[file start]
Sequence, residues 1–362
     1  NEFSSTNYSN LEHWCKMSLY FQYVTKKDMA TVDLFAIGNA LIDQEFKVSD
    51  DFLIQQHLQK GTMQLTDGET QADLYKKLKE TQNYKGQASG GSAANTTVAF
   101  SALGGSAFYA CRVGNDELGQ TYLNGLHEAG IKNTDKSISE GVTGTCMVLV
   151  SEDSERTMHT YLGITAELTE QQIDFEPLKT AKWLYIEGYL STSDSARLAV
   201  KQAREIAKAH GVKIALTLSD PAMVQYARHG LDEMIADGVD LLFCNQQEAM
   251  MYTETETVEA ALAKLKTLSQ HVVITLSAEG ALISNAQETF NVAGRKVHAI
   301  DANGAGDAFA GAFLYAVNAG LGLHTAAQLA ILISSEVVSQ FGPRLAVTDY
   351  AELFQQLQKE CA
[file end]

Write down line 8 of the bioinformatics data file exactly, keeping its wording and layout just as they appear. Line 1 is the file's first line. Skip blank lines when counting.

   301  DANGAGDAFA GAFLYAVNAG LGLHTAAQLA ILISSEVVSQ FGPRLAVTDY